Enviable improvement has been seen in public attitudes towards cancer over the past 20 years, with awareness and attitudes dramatically improving both in society, and in the workplace. Studies have described how one of the most feared diseases of the 21st century has seen huge advances in early diagnosis and treatment meaning that death rates are declining and there are more than 30 million cancer survivors worldwide. Cancer has moved from being a topic discussed in hushed tones and with fear and trepidation, to a topic familiar to most. Where once people feared, and pulled back from colleagues with a cancer diagnosis we are now more likely to see support for colleagues in practical terms, and through solidarity, awareness campaigns and activities such as charitable fundraising.
If there’s one thing we are learning from these huge leaps in progress, it’s that disclosure is a key catalyst for change. Employers and HR professionals rightly point out that it can be difficult to understand needs if people do not come forward for assistance. Equally, those of us with lived experience of mental health problems are rightly concerned that it isn’t always safe to disclose. By reducing discrimination and investing in the talent of people with lived experience, while simplifying and celebrating disclosure, businesses can create a ‘disclosure premium’ in which they benefit from talent and staff feel engaged and supported to achieve their best.
Disclosure is a key issue in workplace mental health. We need to enable disclosure by tackling discrimination and by finding new ways to raise awareness of the benefits of disclosure to both individuals and to employers. Disclosure is a key indicator for successful workplace mental health initiatives. Programmes can aim to increase disclosure directly, and successful programmes should enable people with lived experience to see the benefits in coming forward and feel less threatened by discrimination and harassment.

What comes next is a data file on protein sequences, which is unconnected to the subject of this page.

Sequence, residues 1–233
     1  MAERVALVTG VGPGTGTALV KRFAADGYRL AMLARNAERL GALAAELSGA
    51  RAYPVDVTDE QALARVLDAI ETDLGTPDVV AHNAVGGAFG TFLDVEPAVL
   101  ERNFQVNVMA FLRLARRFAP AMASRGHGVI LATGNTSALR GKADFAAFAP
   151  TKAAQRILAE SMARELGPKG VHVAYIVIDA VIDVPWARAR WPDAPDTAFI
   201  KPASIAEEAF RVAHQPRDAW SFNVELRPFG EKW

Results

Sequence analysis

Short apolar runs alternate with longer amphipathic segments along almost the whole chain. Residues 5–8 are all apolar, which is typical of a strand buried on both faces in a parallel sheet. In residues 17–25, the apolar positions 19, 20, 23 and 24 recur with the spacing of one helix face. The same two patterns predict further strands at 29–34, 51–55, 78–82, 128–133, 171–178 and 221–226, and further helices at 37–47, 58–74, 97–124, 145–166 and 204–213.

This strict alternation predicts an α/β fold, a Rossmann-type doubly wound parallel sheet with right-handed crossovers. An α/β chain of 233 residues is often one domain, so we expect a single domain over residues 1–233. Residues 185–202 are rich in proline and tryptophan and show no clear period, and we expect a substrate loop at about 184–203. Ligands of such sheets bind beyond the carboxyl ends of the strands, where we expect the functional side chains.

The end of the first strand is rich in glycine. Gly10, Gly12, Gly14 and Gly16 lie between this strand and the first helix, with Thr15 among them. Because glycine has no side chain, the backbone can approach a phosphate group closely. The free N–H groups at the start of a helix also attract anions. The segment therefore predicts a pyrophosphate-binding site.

Our report with employee benefits specialists Unum has many dimensions, not only highlighting the great contributions people living with mental health problems make to the UK economy, but also bringing encouraging new insights into mental health and the workplace. 58% of respondents who had been diagnosed with a mental health problem in the last five years had chosen to disclose it to an employer in this time, with 54% rating the experience as a positive one.
That said, the insights also reveal that we still have a long way to go. 14% of people had a negative experience of workplace disclosure. Of the 45% of respondents with recent mental health problems who chose not to disclose, 45% selected the reason ‘because it is none of my employer’s business’ and 44% reported that for them, ‘fear of being discriminated against or harassed by colleagues’ was a key barrier to opening up.
The decision to disclose or not is deeply personal. Ultimately, we need to cultivate a society and national workplace culture, where people who experience distress feel able to come forward and access support workplaces provide, and people with ongoing mental health problems are able to equitably enjoy the benefits of work with the adjustments and supports that all disabled people should be able to access in a socially just world.
Once we have taken steps to guarantee the safety and job security of people wanting to disclose, we can begin to celebrate mental health as a business asset – enabling everyone in a company community to thrive and taking steps to recruit and develop talent including people with lived experience of mental ill health, in recognition of the huge contributions they make.